The Real Henry Wallace
Oliver Stone is wrong about him.

Henry Agard Wallace


Conrad Black


With mounting incredulity and alarm — like, I am sure, many readers — I have watched the exhumation, by Oliver Stone, Peter Kuznick, and other members of a leftist claque of revisionist historians and pseudo-historians, of the putrefied historic corpse of Vice President Henry Agard Wallace. Wallace was the eccentric and impressionable son of the agriculture secretary who served under Presidents Warren Harding and Calvin Coolidge, and Wallace himself held the same position under Franklin D. Roosevelt for eight years. When FDR broke a tradition as old as the republic by running for a third term in the war emergency of 1940, he astounded and scandalized his party by choosing Wallace as his running mate.


Even with FDR’s endorsement (and his threat to withdraw from the presidential race if Wallace were not chosen by the Democratic convention), Wallace won by only 628 to 459 against (chiefly) Speaker William Bankhead (actress Tallulah Bankhead’s father). Wallace was not allowed to give an acceptance speech. He had been under the influence of a White Russian mystic agronomist, Nicholas Roerich, and the Republicans got hold of correspondence between them that, as Roosevelt biographer Kenneth Davis wrote, “called into question [Wallace’s] mental and emotional stability.” The papers failed to surface only because Roosevelt’s entourage made it clear that it would respond with revelations of Republican presidential nominee Wendell Willkie’s prolonged dalliance in an extramarital affair (“awful nice gal,” said FDR gallantly, of his opponent’s paramour, Irita Van Doren).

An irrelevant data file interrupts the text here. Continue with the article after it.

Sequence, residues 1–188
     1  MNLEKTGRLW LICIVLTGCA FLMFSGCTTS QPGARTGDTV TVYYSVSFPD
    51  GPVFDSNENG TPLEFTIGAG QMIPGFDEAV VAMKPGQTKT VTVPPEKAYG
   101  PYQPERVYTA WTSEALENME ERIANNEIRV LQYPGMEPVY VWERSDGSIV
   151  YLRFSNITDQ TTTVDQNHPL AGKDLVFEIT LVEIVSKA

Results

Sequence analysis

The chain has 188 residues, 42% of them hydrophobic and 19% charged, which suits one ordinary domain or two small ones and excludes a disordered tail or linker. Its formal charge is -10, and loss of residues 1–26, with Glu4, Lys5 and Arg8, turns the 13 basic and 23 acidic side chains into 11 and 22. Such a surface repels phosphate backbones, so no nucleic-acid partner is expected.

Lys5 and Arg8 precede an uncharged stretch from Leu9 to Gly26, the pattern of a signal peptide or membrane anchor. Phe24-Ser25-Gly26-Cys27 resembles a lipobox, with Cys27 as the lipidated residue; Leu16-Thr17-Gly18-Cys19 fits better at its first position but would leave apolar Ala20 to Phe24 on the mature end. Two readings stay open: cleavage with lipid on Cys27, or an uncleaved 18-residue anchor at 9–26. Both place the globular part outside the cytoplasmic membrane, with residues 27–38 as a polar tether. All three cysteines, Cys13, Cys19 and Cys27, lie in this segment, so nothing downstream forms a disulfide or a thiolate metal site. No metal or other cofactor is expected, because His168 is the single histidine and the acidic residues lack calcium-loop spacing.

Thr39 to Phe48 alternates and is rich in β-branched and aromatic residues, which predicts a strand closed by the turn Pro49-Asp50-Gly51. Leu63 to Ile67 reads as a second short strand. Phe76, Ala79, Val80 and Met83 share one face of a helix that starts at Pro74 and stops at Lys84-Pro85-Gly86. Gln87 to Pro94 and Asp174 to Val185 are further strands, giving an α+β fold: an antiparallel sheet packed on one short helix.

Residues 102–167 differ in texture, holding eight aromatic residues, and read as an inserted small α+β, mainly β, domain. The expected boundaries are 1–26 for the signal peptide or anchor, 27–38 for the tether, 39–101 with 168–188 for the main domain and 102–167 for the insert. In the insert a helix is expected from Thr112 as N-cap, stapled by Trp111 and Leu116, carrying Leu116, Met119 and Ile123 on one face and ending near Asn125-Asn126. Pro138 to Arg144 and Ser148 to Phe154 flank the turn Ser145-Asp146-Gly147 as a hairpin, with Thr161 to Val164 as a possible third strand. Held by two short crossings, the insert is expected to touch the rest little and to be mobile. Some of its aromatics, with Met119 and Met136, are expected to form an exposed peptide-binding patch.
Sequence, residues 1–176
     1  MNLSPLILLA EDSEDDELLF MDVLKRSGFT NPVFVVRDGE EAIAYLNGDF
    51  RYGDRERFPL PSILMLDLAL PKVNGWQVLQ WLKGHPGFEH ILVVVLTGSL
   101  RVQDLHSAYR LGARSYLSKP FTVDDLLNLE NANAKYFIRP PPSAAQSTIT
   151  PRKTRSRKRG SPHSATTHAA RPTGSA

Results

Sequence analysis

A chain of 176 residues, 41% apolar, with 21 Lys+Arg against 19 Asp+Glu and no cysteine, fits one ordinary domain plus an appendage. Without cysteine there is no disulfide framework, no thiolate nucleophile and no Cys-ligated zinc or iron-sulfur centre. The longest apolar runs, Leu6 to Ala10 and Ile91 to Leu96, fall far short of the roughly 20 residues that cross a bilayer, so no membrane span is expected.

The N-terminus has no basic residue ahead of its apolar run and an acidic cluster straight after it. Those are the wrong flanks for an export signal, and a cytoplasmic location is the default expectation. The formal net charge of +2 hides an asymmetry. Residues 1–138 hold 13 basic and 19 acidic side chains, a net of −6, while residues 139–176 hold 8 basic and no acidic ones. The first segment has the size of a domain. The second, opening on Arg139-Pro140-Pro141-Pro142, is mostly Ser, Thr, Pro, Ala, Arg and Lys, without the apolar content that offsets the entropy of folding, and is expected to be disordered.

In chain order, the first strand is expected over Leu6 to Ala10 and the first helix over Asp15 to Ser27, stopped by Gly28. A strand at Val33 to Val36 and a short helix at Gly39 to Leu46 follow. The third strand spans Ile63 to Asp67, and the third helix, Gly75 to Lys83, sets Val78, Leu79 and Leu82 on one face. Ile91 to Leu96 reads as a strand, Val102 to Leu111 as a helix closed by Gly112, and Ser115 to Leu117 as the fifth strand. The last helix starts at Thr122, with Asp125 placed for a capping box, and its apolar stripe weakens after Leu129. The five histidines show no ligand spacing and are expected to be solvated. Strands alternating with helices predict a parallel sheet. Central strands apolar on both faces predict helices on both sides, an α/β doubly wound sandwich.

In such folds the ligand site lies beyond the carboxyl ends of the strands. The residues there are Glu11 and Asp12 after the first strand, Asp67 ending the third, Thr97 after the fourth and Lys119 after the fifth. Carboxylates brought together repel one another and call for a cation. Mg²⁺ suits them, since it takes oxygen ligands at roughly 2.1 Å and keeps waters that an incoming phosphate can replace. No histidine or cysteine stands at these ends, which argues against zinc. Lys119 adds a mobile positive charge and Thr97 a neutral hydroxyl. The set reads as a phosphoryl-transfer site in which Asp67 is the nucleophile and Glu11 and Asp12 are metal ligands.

The legendary Democratic-party chairman, James A. Farley, called Wallace “a wild-eyed fellow.” FDR wanted the vice president to be someone who believed more emphatically in what he had been doing for eight years than did the incumbent vice president, former House speaker John Nance Garner of Texas.

Garner was a somewhat conservative Texan who was described by United Mine Workers president John L. Lewis as “a whiskey-drinking, poker-playing, evil old man” when he was in his mid-sixties. (He lived to be almost 99.) It is fair to say that the nomination of Wallace was rivaled only by the appointments of Stalin-bootlicker Joseph Davies as ambassador to Moscow; of fascist sympathizer, appeaser, and defeatist Joseph P. Kennedy to the London embassy; and of anti-Semite Breckinridge Long as under secretary of state for immigration and refugees, as the most disastrous appointment of Roosevelt’s four terms as president.


Roosevelt completely ignored Wallace during his term as vice president. He agreed with the inner group of party bosses he had to dinner on July 11, 1944 — including the new party chairman, Robert Hannegan (immortalized, to a degree, by mention in the film Miracle on 34th Street), former chairman Ed Flynn, postmaster general Frank Walker, chief fundraiser George Allen, Chicago mayor Ed Kelly, and party treasurer Edwin Pauley — that he could not be renominated. J. Edgar Hoover warned Roosevelt that Wallace was friendly with Communists in Hollywood and had inappropriate connections with overseas Communists, including in the Soviet Union. Roosevelt didn’t believe all of it but did not need such controversy. In his usual sadistic manner, Roosevelt gave Wallace all the hints he felt were called for that he wasn’t his or the party’s choice, and selected Missouri senator Harry S. Truman in his place. Wallace never got the hint, assaulted a cameraman as he left his residence in Washington for the convention in Chicago, and was astounded when he was dumped.


Wallace was never informed of anything during his time as vice president, and was sent on lengthy trips to obscure places, including Siberia, where he took camps of the infamous Gulag to be cooperative farms. Having booted him out as vice president, over the unrepresentative protests of the left of the party, including Eleanor, Roosevelt nominated Wallace to be secretary of commerce, a position for which he was completely unqualified, although he was a very successful agribusiness entrepreneur after his political career. (Roosevelt paid no attention to any of the cabinet secretaries, except the secretary of war and the attorney general, and occasionally the labor secretary; he dealt with secondary officials in the departments.)